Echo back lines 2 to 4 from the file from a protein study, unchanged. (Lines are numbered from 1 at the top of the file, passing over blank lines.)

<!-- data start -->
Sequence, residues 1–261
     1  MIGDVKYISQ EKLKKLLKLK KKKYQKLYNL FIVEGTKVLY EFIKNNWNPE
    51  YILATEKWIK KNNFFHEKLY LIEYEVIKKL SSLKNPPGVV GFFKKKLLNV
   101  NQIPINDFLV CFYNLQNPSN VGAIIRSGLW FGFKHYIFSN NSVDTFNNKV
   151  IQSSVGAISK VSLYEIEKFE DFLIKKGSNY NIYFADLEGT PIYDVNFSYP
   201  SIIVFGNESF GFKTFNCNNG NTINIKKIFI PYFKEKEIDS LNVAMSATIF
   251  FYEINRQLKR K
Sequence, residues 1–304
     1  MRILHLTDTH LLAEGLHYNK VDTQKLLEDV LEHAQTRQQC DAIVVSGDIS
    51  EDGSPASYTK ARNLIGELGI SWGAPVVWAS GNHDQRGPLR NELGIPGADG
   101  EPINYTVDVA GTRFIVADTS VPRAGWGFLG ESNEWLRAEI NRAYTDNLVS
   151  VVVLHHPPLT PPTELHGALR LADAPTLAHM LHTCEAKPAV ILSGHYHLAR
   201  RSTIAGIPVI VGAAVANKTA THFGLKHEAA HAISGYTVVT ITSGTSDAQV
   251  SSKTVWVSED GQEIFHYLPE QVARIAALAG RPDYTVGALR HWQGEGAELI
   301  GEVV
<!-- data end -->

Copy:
     1  MIGDVKYISQ EKLKKLLKLK KKKYQKLYNL FIVEGTKVLY EFIKNNWNPE
    51  YILATEKWIK KNNFFHEKLY LIEYEVIKKL SSLKNPPGVV GFFKKKLLNV
   101  NQIPINDFLV CFYNLQNPSN VGAIIRSGLW FGFKHYIFSN NSVDTFNNKV